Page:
Stolen Credit card numbers are all the rage these days ever since the chip card (EMV) initiative began. Fraud Alert ! It seems that data encryption inherent in the new EMV activated point-of-sale devices has forced fraudsters to move to ecommerce sites, using their “card testing” schemes. Fraud rings have developed specialized servers that program scripts to reach out to ecommerce-enabled web sites to run large batches of card numbers to determine whether a card number is valid. We have seen this happen multiple times – primarily affecting small nonprofits, but any ecommerce merchant is vulnerable – ostensibly due to the fact that these smaller organizations are not keeping their eye on the ball when it comes to reviewing the activity coming through their website. Thousands of authorizations can be run in very short time that can be quite costly to the merchant. For example, an automated program that can run 20,000 requests through a website could cost the merchant 5 to 10 cents for the gateway fee plus another 10 cents or so from the merchant service provider resulting in up to $4,000 in costs to the merchant. Here are some stats about this type of fraud: 200% increase in card testing this year versus 2016; 30% year-over-year increase in online fraud; $264 billion in false-positive transactions.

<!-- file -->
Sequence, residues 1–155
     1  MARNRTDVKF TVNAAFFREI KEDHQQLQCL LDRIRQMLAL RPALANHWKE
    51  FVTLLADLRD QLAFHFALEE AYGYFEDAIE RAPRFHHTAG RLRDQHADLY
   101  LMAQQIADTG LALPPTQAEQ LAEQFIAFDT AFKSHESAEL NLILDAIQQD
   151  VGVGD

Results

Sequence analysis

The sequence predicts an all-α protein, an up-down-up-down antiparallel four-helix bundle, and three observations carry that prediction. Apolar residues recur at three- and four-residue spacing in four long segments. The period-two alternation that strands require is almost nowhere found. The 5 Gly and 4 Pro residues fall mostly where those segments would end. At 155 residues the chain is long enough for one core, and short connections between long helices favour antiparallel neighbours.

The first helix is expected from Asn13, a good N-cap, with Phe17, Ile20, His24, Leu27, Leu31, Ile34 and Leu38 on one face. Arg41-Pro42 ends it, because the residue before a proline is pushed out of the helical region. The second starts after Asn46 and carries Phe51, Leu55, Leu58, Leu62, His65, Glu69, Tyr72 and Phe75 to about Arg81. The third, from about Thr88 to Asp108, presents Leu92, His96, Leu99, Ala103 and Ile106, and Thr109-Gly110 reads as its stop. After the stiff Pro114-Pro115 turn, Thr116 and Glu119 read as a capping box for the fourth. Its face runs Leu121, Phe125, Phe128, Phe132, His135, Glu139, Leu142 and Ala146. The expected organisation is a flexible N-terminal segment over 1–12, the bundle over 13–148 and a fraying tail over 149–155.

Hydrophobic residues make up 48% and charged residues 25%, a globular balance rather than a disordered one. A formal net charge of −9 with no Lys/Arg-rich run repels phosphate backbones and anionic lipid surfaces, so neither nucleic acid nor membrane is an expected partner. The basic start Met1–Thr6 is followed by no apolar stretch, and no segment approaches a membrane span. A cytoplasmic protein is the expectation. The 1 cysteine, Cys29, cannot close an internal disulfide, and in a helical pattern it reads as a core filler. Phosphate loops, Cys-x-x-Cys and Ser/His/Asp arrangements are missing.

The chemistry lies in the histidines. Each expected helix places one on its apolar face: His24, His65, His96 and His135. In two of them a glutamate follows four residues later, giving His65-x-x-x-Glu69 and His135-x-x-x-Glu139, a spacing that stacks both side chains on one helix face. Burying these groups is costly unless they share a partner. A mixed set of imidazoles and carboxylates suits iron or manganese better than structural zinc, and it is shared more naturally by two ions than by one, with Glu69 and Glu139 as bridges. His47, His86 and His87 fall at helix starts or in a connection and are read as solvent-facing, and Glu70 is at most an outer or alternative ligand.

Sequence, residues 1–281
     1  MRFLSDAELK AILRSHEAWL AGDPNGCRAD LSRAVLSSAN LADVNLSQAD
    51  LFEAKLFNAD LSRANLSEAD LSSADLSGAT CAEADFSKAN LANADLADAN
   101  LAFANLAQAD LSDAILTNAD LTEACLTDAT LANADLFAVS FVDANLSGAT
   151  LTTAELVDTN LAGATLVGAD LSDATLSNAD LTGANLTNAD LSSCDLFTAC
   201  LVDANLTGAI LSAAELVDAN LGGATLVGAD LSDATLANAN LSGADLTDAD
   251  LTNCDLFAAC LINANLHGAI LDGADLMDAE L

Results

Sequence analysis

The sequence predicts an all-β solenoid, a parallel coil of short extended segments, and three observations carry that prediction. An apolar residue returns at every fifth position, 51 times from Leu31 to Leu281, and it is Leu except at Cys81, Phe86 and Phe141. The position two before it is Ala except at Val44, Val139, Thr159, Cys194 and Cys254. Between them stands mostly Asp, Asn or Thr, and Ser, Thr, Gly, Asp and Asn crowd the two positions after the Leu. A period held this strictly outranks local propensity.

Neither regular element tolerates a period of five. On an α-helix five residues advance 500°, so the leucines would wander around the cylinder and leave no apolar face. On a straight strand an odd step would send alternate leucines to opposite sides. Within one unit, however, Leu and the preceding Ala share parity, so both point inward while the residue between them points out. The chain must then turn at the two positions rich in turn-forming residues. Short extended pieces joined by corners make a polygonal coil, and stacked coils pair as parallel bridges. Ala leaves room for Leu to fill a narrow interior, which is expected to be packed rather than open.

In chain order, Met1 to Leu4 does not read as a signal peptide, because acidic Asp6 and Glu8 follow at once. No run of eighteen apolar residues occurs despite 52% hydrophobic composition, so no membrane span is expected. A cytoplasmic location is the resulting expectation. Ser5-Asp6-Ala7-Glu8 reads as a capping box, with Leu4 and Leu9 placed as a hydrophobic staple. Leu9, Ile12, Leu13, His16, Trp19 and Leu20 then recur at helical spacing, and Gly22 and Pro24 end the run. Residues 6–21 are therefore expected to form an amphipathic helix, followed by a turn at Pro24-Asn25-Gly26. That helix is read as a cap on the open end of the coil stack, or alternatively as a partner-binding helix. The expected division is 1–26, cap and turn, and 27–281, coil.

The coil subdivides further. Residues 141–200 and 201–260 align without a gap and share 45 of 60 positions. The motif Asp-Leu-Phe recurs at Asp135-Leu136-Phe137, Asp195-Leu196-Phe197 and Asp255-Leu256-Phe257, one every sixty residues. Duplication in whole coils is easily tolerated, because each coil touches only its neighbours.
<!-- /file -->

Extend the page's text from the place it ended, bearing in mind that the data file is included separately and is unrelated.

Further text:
The solution: set the velocity filter from within the payment gateway interface, which would quickly terminate authorization requests from that IP address. If you have questions about how to set your fraud filter, please, reach out!